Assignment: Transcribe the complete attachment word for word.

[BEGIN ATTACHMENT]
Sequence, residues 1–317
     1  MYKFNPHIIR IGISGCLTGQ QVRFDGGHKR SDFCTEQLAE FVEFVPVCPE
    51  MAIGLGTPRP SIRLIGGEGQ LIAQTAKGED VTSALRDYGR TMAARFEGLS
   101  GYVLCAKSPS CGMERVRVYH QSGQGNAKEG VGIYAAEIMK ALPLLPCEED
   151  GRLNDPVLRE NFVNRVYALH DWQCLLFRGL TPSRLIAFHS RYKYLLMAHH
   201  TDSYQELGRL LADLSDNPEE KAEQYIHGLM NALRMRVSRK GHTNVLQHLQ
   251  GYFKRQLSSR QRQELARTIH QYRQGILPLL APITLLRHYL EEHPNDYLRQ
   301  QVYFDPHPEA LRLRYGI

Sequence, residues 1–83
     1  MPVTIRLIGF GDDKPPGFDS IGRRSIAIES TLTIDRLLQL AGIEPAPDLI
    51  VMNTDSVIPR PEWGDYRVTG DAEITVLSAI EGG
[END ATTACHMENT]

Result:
Sequence, residues 1–317
     1  MYKFNPHIIR IGISGCLTGQ QVRFDGGHKR SDFCTEQLAE FVEFVPVCPE
    51  MAIGLGTPRP SIRLIGGEGQ LIAQTAKGED VTSALRDYGR TMAARFEGLS
   101  GYVLCAKSPS CGMERVRVYH QSGQGNAKEG VGIYAAEIMK ALPLLPCEED
   151  GRLNDPVLRE NFVNRVYALH DWQCLLFRGL TPSRLIAFHS RYKYLLMAHH
   201  TDSYQELGRL LADLSDNPEE KAEQYIHGLM NALRMRVSRK GHTNVLQHLQ
   251  GYFKRQLSSR QRQELARTIH QYRQGILPLL APITLLRHYL EEHPNDYLRQ
   301  QVYFDPHPEA LRLRYGI

Sequence, residues 1–83
     1  MPVTIRLIGF GDDKPPGFDS IGRRSIAIES TLTIDRLLQL AGIEPAPDLI
    51  VMNTDSVIPR PEWGDYRVTG DAEITVLSAI EGG